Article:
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For Belt, Collar and Bow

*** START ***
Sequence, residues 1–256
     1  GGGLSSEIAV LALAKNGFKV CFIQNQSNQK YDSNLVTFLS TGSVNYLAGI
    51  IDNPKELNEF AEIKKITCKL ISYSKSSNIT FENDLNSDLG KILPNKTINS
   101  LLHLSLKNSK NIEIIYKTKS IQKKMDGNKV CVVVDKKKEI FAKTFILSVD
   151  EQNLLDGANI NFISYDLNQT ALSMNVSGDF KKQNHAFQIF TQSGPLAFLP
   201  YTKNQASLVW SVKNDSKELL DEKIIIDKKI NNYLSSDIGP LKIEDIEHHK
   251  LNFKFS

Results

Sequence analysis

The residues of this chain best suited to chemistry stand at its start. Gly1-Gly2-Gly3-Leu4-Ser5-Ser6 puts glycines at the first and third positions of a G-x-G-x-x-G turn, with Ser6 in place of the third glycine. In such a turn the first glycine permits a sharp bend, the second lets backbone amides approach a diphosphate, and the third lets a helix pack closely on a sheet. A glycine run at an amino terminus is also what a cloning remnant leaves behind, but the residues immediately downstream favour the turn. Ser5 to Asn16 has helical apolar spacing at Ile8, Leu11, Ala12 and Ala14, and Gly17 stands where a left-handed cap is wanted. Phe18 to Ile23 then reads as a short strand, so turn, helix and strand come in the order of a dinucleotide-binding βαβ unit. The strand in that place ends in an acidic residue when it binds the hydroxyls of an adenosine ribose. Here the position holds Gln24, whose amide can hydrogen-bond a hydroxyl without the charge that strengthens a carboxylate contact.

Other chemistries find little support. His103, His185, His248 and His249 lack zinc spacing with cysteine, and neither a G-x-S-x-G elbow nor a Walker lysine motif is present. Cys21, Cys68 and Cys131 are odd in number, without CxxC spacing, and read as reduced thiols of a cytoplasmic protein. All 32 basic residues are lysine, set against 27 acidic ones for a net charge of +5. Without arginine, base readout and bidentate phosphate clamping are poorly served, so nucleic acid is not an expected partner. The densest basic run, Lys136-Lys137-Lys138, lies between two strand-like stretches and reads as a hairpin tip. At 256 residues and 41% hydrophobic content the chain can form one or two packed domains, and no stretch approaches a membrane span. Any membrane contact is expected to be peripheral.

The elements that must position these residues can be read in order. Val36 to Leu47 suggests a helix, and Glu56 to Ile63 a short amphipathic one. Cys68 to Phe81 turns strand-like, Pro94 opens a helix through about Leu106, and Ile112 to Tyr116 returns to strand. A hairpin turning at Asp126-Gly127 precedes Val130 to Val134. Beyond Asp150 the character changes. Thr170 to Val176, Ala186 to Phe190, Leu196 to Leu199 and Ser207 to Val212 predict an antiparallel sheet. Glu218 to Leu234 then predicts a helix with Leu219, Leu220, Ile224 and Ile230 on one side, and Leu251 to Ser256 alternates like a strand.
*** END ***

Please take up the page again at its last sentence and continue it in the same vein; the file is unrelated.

A MOST acceptable design is my offerir.3 this week to all wearers cf the white linen shirtwaist. Tho design supplied has been adapted to a belt, a collar and a. email double bow. and with all due regard to the needs of the greatest number. The belt is of a very normal width. The collar measures twelve and a half Inches instead of the persistent thirteen end over which is too large for a treat majority of women. Its height also is average, and tho little bow is neither extreme in size nor style. Jfow let me tell you how to work it tnoet effectively. Tha belt first, because our best •work, after we have gained by experience, should be bestowed upon those pieces nearest the face, for be coming reasons. The whole pattern ex cept the stems will be done in solid ever-end-over stitch, because In this way will the work gain In richness. The collar is worked in like manner. \u25a0Lfier Its edge has been slightly padded end buttonholed. There Is an interest ing variation in the scallops, which are reversed along the lower, edge; but the corded edge of the buttonhole 13, as usaal. the extreme outside finish to tha collar. Both sections of the bow-are button How to Apply the Design fPHERE are two ways to apply - 1 - this design to the material upon which you wish to work it. If your material is sheer — such os handkerchief linen, lawn, batiste and the like — the simplest mehtod is to lay the material over the de sign and, with a well-pointed pencil, draw over each line. If your material is heavy, secure * piece of transfer or impression paper. Lay it, face down, upon this ; then draw over each line of the paper design with a hard pencil or the point of a steel knitting needle. Upon lifting the pattern and trans fer paper you will find a neat arid Jiecurate impression of the design upon your material. j There are two points to observe in this simple process, if you would execute it satisfactorily. One is, 6ce that your material is level — cut and folded by a thread — and that your design is placed upon it evenly at every point. The second is, when placed accu rately, secure the design to the ma terial with thumbtacks -or pins <*o iliai they cannot slip during the operation; Transfer paper- comes in white, FOR THE INDUSTRIOUS NEEDLEWOMAN holed along their edges; the upper sec tion is worked In solid over-and-over etitch, .while the continuous row of eye lets in the lower section provide variety and conduce to a less heavy appearance in the finished tie. It Is most satisfying to possess the whole linen set done in one design, and this touch of handwork, when worn with a plain linen shirtwaist, will suggest an embroidered whole. Quantity is not always as effective as quality, and in all neckwear the actual stitches should bo put in with precision. Time lavished upon a good piece of linen, small but for personal wear, is never misspent. Somebody has facetiously remarked: "By their neckwear shall we know them," and It was truly said. The ex quisite woman, and she who la slovenly, each show their propensities along these personal lines in their neck "fixings," and It is with 'equal certainty that wom an reveals her age by the neckwear she adopts. The trim, trig woman/ whose collar is well made and "stays put," Is she who is young or else ehe -who— although ap proaching the uncertain age— has suf ficient of a hold upon herself and upon her collar to keep gracefully clad, and, withal, becomingly. black, "blue, red' and yellow. I ad vise the use of the lighter colors when possible, as the black and blue are so liable to crock. Do not rest your hand or finders upon any part of the design you are transferring, elsa the imprint of hand or fingers will be as distinct upon the material as the drawn lines of the design. When Embroidering Stockings/ DO YOU intend to embroider stock ings for the summer? Do It now. The work will not be quite so rapid as some pieces of embroidery and you will not regret an early start. Low shoes, slippers and the pump bring about an annual desire for the beautiful in hosiery. Gay costumes add to the craving for harmony between gown and footgear, and contagion spreads along the line. "Mabel . is embroidering clocks upon her gray silk stockings; why, shouldn't I polka dot my own?" It is pleasant work, although, as I suggested, slow, because the material is elastic. "What other women have done can be accomplished again,'.' say hosts of embroiderers, and proceed to trace ADELAIDE BYRD designs upon gorgeous silken hose, not withstanding the difficulties. That pattern whicli will turn out most satisfactorily Is the one designed so^that there are no rights and lefts. Because of the elasticity of stockinette, designs planned for the different feet are diffi cult to keep in position. They usually result in merely looking crooked. The straight design, applicable to either foot, may more readily be- kept on a direct line with the weave of the stocking, and will turn out more perfectly in the end. ..•'.:. ,The hand-embroidered stocking is an expensive luxury when purchased or ordered. Those done at home are with in the range of possibility for all who can use their fingers and who know how to select a good-wearing bargain in silk stockings. Outlining and satin stitch enter into the work. Short embroidery needles are beet. Designs are traceable by the use of carbon paper, if the modern transfer pattern Is not to hand in one of its many convenient formß. A very small hoop or darner will be absolutely neceesary, and in using the latter the knowing worker will not overstitch her material. An old method .was the ripping of the stocking seam during the work, but I cannot In the least subscribe to this practice. No amount of carefulness can successfully remake the dilapidated stocking which will result from the rip ping process. There are various patterns for Instep embroidery, as well ac blossoms for tha co-called "powdered", pattern. This all over blossom Is not so well liked as the inetep design, including upright stems, occasional conventionalized leaves and clusters of small petaled flowers. A darker shade of the stocking color is exceedingly good taste for the wearer of simple clothes. The French wear black silken hose, ..with vivid azalea pink in the blossoms, shading, from light to a deep and glorious shade, but conspicuous to a degree. Between these two : there are whole lines of color suggestions, such as black upon black, with the smallest touches of lavender. Gray backgrounds are em broidered in white with a deeper gray to enrich the whole. Gold color on the tan stocking cannot be resisted by the \u25a0wearer of brown. -V Tho fashion for carrying out such da signs as the forget-me-not and the wild rose in their own naturalistic: colors is now frowned upon, and scattered?blos soms, circles or dots take first rank, with certain panel designs having per pendicular lines carrying an occasional . blossom or group throughout their length. * < Padding is resorted to aa a firm basis for stocking embroidery. And were. l to. tell yoai the choice, piece of .work,- I ; should suggest bride's stockings of white silk, worked heavily with white. t A Present Forßaby A PRETTY present. to give a' baby, ls an embroidered band to fasten the little one into the carriage. '. Choose a piece of thick white-satin - ribbon, 2% inches wide, and fourteen inches long. * Powder. it with small blossoms wrought with filo silk in .the natural colors, tiny rosebuds?, daisies-, buttercups, forget-me-,". nots. Lin© with satin the color of any of the * flowers. Interlining with canton flannel to give substance to the band. ; Sew a full ' rosette of narrow white ; satin ribbon, % inch -wide, it-each end v of the band, and fasten under them ; two pieces of the same ; ribbon, each '-. about % yard long, to ' 'tie "the i band ' to" the ?. carriage.; A strip of fine white'llnen may be substituted for the wideV, satin v with equally pretty -J effect,' arid .when soiled ;«can r ;be . restored ito its original - beauty by a, careful -laundress. ;::,,. \u25a0 ' Very dainty also are 'bands' embroid ered-Jn. a single color, with the ro settes at . the \u25a0 ends '. to • match. \u25a0' Forget me-nots with - blue 'ones," and : - rosebuds * with pink," are most frequently chosen. Hand-Made Ties RICH neckties may be made on silk. In darned stitch, but they are for the man with a leaning toward the curious in ties. \ Don't thrust them ,upon even the .brother, of plainer taste; they are too beautiful ,< to be wasted. \u25a0 Quite evidently a cast-off tie has 6erved ;as pattern and as model; the construction and workmanship are per fect. The background material Is soft, heavy armure silk with a curious nov elty weavje resembling the surface of huckaback linen toweling. • The darning, which runs across the tie, has been worked through the loose etltch In the weave before the tie has been made up. This gives the appearance of rich silk of brocade effect and not that home made or needlework look which man •naturally scorns. The colors mean much in the final and manly aspect, and should be chosen \u25a0with a view to the selection of the man of taste. VARIETY IN HANGING PINCUSHIONS SIMPLEST of all among banging pln ; cushions is that made of straight . strips of pasteboard flanked : by: a piece exactlj'.like'it, each cornered with flowered -'ribbon, . sewed together: round : their : four "sides, - stuck ; with ' pins and, ; hung up iWith* tiny ribbon, v This • pretty bit " of work' Is ' scented— oh; T so slightly^ ' and wadded the least bit wlth^whlte cot ton just : beneath Its pink-ribbon -surf ace. ; The heart-shaped cushion- has 'been boxed and corded. . The box cover ret. quires : a v box "cushion*; beneath It ; and for, the ;beneflt"of do not know, let us . say. ; that f ; boxing - means Inserting: a strip, , wide : or," narrow, "along i the edges Instead ?of ' sewing back \u25a0 A French Hat Brush POII one of the daintiest hat brushes you can| imagine, select a plain back of irreproachable shape and no ornamentation whatever, "and with good white bristles. Before covering the wooden back it may be very lightly rubbed with a. fine sandpaper, to roughen the surface so that the glue Will hold. - Now for the French Louis cover. This Is made of corded silk of a deep cream, embroidered slightly with rib bon, work in an oDiong medallion de sign. The silk' is so cut as to entirely cover the wooden back except on the bristle side, and when the paste Is ap plied to the silk care should be taken that it does not touch that part be neath the ribbon medallion, nor the top of the brush, but only along the edge of the silk. Do not turn in the edge, but after the i glue is dry, paste over it a narrow golu lace gauoou. To be as French as possible in effect, the creamy tone of the silk should be soft and old, the rococo embroidery of flowers should be soft In tone and the palloon of fi more bronze coloring:. and ; front i Immediately together. .'\u25a0 The process results in a thicker; cushion— -a more shapely.- ; ; The ; cords ; are merely, a decoration. In'colorUhe heart; cushion is crimson white, with crimson cord' and^whlte*'! ribbons. '.'.-. !'\u25a0\u25a0\u25a0. \u25a0 5 Blue forget-me-nots : are painted upon a ••'. heavy > white ; satin surface \u25a0" on \the French; doll cushion. : The. heart, has been The San Francisco Sunday Call Of Unbleached Muslin yERY coarse, open, unbleached mus lin will work out In most stylish effect, as a Russian blouse dress with a long tunls. Cross-stitched in white, or even in a deeper shade of ecru, the garment will prove unusual and picturesque. A combination of the heaviest ecru floss and a fine white embroidery cot ton will give another and a richer ef fect. Here the skilled embroiderer may work in long and short stitches to the best of her ability and to her lasting satisfaction. There I* little doubt as to the wearing quality of >his garment. The life of unbleached muslin is well known. In selecting the quality, that to be avoid ed is the very firm and heavy. <•. ~ Mending With Plaster IN LIEU of drawing the torn edges of a dress together with si]k thread, or even with the frayed .threads of the material, an excellent plan lies in your medicine chest. -That sounds a trifle startling to the needleworker, but listen. A piece of court plaster will form a good work ing basis upon which a comparatively invisible reparation can be made. If the tear be on the plain width the skirt should be laid upon a table, the edges pulled together and pinned down and finally the strip of court plaster applied. A hot iron will press the edges together, and the frayed threads should be cut away as a fin ishing touch. A Brown Sweater ONE of the most fetching examples of the long sweater coat Is of leather-colored yarn made with cuffs and a turned-down collar of rich green and ornamented with brass but tons. These durable colors should appeal to the knitter whose desire it is to make a garment not ?o perishable as the deli cate white sweater. sewed together and filled with whit* lambs- wool, no hard cushion being nec essary. rAfter". the \u25a0 doll's puffed cap of white satin was made. and sewed on, an opening ' at^the ,top of the cushion was fastened round dolly's t'neck. and blue ribbon rosettes \ were added as a finish. :. The Japanese "doll as a pinholder does excellent, duty:' he 'is willing 'and ab!* For the Traveler THE necessities of the traveler are so "generously anticipated nowa days that roughing it is fast be coming a thing of the past. 'The finding of what is wanted in a hurry is a well-known difficulty to those en route; in fact, a lucky traveler is ha who can get within a few miles of cer tain necessary. ltem3 at a given time. Modern case 3 have been designed by the clever for almost everything under the sun. and among the latest are those for various wants peculiar to the Indi vidual. There, for instance. Is the case for the telegraph blanks. It will be a boon to the man with the telegraphing habit well developed. Then we are shown the tablet or caas containing space for the traveler's own checks and a permanent blotter to pre vent the blurring. For the invalid there !3 a useful case specially designed to carry prescriptions, and for the inveterate gadabout from placa to place there are numerous forms of luggage label cases made of crocodile skin, morocco and leather in the most attractive colors, such as blu», mow green and red. Every hardened trawler Invents her own luggage labels and has them made for her. so that aha may Identify her baggage with celerity. A very luxurious case contains all tha smaller ones that have previously been mentioned, and has a drawer with a se cret opening, so that tho contents there •ln are absolutely safe from prying eyea. How to carry her money wfcile> travel- Ing Is a problem that many woman would gladly solves Every nation has Its own coinage, and when tha money Is mixed It is indeed troublesome to piclc out the piece that la wasted. A cas» that takes English, French* Oexman eerf American coins asd notes la a capital idea, and tho more so sinca it Is fnolosed, in very compact and particularly; «af« form. A Green Skate Bag BROADCLOTH Is too dellcat* tor ' the skate bag. but there are> heavy weights in dark green billiard cloth and flannel which are tha Ideal qualities for such rough usage. Then, again, there is the lightweight kerssy cloth. For the rosy-faced young girl to> use almost any gay color harmonizing with, the costume will be pretty: but & man's skate bag should be black, blue* cr green —as dark as possible — and made with or without a heading, but with a casing so broad that cold fingers will not be hurt unduly In the opening and shutting process. * Not ribbons, but double strings ox heavy mohair braid is the sensible material for drawing up> tho bag. Fancy Work Glue A MOST desirable boiled pasts Is made in the following way for all sorts of fartcy work Involving the plulng of linen, crepe, silk, poplin, ere- f tonne or chintz, with pasteboard or lightweight wood. The ingredients are gluten flour, alum and water. To one cup of gluten, or whole wheat. flour add one cup qf cold water, and mix them wefl together. Then add two cr three cups of boiling water, stirred slowly in. Eoil. and stir five minutes, or uretil it clarifies: and then add one teaspconful of powdered alum dissolved In cold water.. This glue will keep fora week or more if put in a jar or bowl without a lid. To cover it is to sour It. as well as easy to construct. Ills sepa rate head, cruel as it may sound, may be bought and fastened to the oblong square of ribbon which has been stuffed .with wool. Ribbon sleeves, sash and bow at the back complete his Japanese outfit, after which he unflinchingly receives whatever pins you give him. When the small, complete doll Is used as a cushion its legs are removed, which is even worse treatment, and the wool filled bajr add^d as a lower section. The ribbon by which the little creature Is hung Is first fastened round his neck by way of stock collar. On the whole, the hanging cushion in a convenient place is an acceptable add!- tfon to most dressing bureaus, and both ' the : heart and the 'flat-shaped cushion' will make- acceptable cif t3 for the friend who is going- away.